How to Get Out of Consulting and Into a Steady Paycheck

Many people who were laid off and couldn't find another position turned to consulting. For some of these people, what they thought would be an interim situation has turned into years of consulting as a sole proprietor. Because of this, it's been harder for them to get a full-time job. The perception by many employers is that if someone has been self-employed for many years, they've lost touch with the demands of what happens day-to-day inside a company. For example, when you are working alone, you typically don't have to respond to crisis situations, have fast-turnaround deadlines and often do more strategy than executing.

In addition, you may not have managed people in a while and the landscape has changed. We spoke with a consultant who hadn't managed a team since 2000 and was trying to sell himself for a management position. We told him we needed recent management experience and he said, "But managing is in my DNA." While this may be the case, employers are always looking to reduce risk and it's safer to find someone who has recent management experience.

So what do you do if you've been a consultant for a few years and want to get back into a fulltime position?

Try Consulting Firms -- There are many employment firms that specialize in placing consultants in companies for interim projects. Many of these are project management positions which can help update your management skills. There are large consulting firms like Resources Global and M Squared which service every functional area and smaller ones like Sage Consulting Associates which focuses primarily on marketing. What these firms have in common is they offer consultants an opportunity to have long engagements (e.g., 12 months) in blue chip companies. Longer term assignments provide you with a steady income and an opportunity to "try before you buy", as many of these turn into fulltime jobs. Also, consulting firms generally have Fortune 1000 companies as their clients. These companies have state of the art technology, cutting edge business processes and best practices which will augment your skills and experience. In this competitive marketplace, this option might be one of the easiest ways to get back into a full-time position.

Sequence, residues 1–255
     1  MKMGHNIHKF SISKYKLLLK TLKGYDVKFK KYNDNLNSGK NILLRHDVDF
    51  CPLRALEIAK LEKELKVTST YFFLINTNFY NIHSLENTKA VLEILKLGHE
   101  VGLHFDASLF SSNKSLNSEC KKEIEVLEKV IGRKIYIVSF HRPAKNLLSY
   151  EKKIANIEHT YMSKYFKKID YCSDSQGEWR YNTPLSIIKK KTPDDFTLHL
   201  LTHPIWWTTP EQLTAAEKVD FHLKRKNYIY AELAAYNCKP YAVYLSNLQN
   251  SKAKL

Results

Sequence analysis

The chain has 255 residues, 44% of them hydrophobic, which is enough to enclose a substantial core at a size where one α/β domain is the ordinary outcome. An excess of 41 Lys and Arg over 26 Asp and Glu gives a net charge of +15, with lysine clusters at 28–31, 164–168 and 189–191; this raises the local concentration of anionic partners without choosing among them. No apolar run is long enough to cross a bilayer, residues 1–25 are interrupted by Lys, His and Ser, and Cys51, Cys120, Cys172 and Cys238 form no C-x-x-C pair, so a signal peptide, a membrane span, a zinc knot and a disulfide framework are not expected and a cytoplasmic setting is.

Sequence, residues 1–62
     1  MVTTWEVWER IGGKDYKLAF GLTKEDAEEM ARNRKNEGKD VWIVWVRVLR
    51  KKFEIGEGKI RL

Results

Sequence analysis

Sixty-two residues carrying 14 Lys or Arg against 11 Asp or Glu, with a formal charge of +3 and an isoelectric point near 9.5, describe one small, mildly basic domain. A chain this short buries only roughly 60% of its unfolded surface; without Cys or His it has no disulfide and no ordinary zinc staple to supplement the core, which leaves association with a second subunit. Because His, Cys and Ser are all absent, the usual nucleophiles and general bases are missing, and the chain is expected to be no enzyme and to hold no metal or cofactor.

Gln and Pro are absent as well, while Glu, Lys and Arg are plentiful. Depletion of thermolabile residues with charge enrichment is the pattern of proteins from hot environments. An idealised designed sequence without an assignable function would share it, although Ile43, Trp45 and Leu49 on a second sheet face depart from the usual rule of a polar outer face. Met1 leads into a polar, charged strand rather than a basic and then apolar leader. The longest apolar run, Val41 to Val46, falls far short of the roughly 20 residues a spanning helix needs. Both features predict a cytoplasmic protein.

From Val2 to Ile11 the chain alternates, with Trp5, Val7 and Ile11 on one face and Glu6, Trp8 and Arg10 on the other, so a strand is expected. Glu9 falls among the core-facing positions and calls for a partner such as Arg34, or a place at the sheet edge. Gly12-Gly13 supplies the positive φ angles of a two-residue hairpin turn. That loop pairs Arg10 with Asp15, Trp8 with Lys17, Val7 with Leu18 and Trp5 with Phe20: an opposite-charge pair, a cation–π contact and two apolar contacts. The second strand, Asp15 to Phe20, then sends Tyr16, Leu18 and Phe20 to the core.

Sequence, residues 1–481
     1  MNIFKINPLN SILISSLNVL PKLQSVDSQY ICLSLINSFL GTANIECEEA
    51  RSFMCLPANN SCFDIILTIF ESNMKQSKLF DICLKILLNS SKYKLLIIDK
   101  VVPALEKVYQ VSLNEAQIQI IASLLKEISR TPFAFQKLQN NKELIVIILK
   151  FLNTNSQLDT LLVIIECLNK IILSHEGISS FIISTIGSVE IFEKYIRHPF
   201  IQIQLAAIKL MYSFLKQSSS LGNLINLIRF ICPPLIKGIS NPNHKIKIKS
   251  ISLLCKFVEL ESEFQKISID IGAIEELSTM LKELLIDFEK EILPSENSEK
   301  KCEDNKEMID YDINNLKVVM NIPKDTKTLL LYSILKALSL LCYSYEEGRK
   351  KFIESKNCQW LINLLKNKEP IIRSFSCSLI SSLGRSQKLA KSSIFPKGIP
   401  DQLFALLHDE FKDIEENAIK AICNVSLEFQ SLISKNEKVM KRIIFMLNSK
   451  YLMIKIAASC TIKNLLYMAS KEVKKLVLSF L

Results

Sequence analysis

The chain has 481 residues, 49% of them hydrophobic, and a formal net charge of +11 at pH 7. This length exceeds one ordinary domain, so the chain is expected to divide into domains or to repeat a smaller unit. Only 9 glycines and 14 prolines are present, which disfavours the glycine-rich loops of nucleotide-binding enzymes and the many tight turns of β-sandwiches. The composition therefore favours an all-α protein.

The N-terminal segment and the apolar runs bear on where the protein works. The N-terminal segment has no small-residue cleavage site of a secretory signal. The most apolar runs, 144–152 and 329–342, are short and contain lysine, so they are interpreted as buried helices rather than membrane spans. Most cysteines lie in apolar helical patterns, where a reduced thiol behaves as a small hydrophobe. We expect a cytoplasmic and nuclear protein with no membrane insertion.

Work On-site -- If you don't want to go the consulting firm route, the best way you can leverage your consulting business is by working at the client's site whenever possible. Many consultants make the mistake of working almost exclusively from their own office and miss a terrific opportunity to more fully engage with a client by working from that client's offices. When you establish an office at the client's location, you'll be more of a "go to person" by virtue of the fact that you are physically there and that client could hire you for additional projects for his/her area. You'll also meet more people and automatically engage in "off-line" discussions and will appear to be part of the team already. Working at the client's office also enables you to see what the culture of that company is like and, likewise for the client to see first hand how you interact with their employees. All these things grease the skids for a potential transition from consultant to full-time employee.

Attend Meetings - If working on-site is not a possibility, ask to be included in meetings which involve your assignment. No matter how small your piece of the pie is, attending meetings is a great way to showcase your talents beyond that project and get better perspective on what the company's other needs are. The more people you interact with at the senior management level, the better your chances of migrating to a full-time employee.

Many people see themselves as a consultant for life, but if you're a consultant with designs on returning to full-time employment, apply the same strategic thinking to your re-entry as you do to each of your consulting assignments. We've seen firsthand how consultants have applied the guidelines above to land a great full-time job in the company of their choice.